Investigating the childhood symptom profile of community-based individuals diagnosed with attention-deficit/hyperactivity disorder as adults

Taylor, M. J., Larsson, H., Gillberg, C. , Lichtenstein, P. and Lundström, S. (2019) Investigating the childhood symptom profile of community-based individuals diagnosed with attention-deficit/hyperactivity disorder as adults. Journal of Child Psychology and Psychiatry, 60(3), pp. 259-266. (doi: 10.1111/jcpp.12988) (PMID:30338854)

Full text not currently available from Enlighten.

Abstract

BACKGROUND:Attention-deficit/hyperactivity disorder (ADHD) is currently defined as a disorder with onset during childhood. Although ADHD occurs in adults as well as children, recent debate has focused on whether adult ADHD represents a continuation of a child-onset disorder or if ADHD may, in at least some cases, have an adult onset. We therefore aimed to test the hypothesis of adult-onset ADHD using a sample born relatively recently (1992-1999) in order to minimize confounding by secular changes in diagnostic practices. METHODS:We identified 74 individuals with a community diagnosis of ADHD first assigned during adulthood. We also identified individuals with childhood (N = 194) and adolescent (N = 394) community diagnoses of ADHD. These groups were compared with a comparison group (N = 14,474) on their childhood ADHD and neuropsychiatric symptoms, and rate of other psychiatric diagnoses during childhood. RESULTS:Having an adulthood community diagnosis of ADHD was associated with a mean increase in childhood ADHD symptoms of approximately three times that of the comparison group. Individuals with an adult community diagnosis of ADHD also displayed more autistic traits, motor problems, learning difficulties, tics, and oppositional behavior. Forty two percent of these individuals, compared with 1% of comparison cases, had a psychiatric diagnosis other than ADHD as children. In post-hoc analyses of 21 ADHD cases showing few or no ADHD symptoms in childhood, we were unable to detect any other childhood symptomatology in only nine cases, of whom six were female. CONCLUSIONS:Our results indicate that alternative explanations for data that appear to show adult onset ADHD, such as sex biases in diagnostic practices, need rigorous testing before adult onset ADHD can be accepted as a valid clinical construct.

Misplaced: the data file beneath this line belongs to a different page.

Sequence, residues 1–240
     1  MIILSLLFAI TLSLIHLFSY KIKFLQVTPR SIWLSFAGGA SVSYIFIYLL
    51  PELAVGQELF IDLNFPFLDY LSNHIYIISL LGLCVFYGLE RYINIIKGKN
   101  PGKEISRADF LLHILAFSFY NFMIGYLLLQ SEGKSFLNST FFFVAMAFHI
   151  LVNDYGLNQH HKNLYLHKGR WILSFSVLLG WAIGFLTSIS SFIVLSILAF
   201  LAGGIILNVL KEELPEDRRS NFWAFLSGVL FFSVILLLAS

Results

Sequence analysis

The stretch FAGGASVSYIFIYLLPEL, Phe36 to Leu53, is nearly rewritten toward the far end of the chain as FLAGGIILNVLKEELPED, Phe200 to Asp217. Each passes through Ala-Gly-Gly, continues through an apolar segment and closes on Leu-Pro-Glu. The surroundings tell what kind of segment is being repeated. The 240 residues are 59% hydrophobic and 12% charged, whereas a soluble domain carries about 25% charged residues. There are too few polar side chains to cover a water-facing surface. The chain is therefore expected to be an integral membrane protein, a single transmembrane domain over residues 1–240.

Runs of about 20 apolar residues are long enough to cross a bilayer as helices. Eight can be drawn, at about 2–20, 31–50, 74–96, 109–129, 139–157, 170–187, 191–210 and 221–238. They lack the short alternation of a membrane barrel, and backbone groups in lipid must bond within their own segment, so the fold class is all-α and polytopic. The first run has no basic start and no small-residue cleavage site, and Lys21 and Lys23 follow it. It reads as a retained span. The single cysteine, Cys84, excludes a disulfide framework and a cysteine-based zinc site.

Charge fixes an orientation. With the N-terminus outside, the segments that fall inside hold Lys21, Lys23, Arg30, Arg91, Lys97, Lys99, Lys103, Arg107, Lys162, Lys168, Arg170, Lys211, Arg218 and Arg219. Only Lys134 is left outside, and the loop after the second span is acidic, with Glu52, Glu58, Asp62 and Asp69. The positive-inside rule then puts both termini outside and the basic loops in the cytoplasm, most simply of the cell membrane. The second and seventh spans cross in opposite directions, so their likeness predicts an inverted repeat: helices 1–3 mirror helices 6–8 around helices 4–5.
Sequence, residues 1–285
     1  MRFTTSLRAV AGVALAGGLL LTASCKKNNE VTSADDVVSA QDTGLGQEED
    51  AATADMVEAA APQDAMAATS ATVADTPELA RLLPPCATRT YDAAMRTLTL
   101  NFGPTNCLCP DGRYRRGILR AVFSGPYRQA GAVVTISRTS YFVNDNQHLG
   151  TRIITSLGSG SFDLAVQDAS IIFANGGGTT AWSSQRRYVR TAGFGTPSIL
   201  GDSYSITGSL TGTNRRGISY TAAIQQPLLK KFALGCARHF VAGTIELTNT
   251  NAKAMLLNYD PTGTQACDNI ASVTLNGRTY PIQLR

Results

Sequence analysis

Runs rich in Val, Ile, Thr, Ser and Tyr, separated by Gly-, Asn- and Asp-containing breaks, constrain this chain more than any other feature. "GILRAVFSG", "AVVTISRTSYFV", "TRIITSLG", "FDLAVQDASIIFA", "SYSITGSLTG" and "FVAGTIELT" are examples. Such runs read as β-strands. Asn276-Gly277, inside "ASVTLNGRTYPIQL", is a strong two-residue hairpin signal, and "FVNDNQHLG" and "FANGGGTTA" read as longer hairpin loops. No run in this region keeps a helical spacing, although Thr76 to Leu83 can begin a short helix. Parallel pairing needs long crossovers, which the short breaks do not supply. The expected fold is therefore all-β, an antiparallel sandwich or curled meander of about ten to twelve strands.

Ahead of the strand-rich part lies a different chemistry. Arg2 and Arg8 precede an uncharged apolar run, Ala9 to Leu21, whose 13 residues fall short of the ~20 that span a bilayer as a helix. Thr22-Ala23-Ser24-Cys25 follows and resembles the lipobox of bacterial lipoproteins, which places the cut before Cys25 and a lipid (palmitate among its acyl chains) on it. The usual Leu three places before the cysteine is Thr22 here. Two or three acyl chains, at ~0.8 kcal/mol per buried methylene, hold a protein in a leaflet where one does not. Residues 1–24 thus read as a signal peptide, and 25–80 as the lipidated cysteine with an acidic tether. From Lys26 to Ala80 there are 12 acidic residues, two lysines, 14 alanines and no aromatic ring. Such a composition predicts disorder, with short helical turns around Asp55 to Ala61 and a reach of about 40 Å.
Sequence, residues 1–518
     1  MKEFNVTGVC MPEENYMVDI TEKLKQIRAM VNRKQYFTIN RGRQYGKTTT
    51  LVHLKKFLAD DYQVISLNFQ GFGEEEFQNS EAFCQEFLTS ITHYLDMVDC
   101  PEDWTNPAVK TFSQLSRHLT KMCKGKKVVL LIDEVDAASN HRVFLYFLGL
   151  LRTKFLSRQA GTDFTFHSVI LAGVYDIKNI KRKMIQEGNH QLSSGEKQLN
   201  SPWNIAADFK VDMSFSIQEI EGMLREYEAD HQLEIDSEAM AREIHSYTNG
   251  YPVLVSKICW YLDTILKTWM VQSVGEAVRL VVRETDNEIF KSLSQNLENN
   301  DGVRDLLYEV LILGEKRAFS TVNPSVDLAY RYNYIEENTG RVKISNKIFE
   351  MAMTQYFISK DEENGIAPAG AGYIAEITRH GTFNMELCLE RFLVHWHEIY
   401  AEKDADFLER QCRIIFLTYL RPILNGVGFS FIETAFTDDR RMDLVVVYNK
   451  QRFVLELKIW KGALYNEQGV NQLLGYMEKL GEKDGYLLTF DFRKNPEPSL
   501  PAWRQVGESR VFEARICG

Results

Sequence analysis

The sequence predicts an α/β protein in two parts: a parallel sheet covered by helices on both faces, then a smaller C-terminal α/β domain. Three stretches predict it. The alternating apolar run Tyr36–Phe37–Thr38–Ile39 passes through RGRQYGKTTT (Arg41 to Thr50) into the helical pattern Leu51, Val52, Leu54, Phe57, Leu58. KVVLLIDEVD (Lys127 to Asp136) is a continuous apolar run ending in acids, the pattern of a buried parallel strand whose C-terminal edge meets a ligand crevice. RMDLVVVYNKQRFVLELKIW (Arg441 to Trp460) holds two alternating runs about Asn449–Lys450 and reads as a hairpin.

Item Type:Articles
Additional Information:CATSS is funded by the Swedish Research Council for Health, Working Life and Welfare, and the Swedish Research Council. We acknowledge support from the Swedish Research Council through the Swedish Initiative for Research on Microdata in the Social and Medical Sciences (SIMSAM) framework (grant no. 340‐2013‐5867). The specific study in this manuscript was funded by a grant from the Fredrik and Ingrid Thurings Stiftelse.
Status:Published
Refereed:Yes
Glasgow Author(s) Enlighten ID:Gillberg, Professor Christopher
Authors: Taylor, M. J., Larsson, H., Gillberg, C., Lichtenstein, P., and Lundström, S.
College/School:College of Medical Veterinary and Life Sciences > Institute of Health and Wellbeing > Mental Health and Wellbeing
Journal Name:Journal of Child Psychology and Psychiatry
Publisher:Wiley
ISSN:0021-9630
ISSN (Online):1469-7610
Published Online:19 October 2018

University Staff: Request a correction | Enlighten Editors: Update this record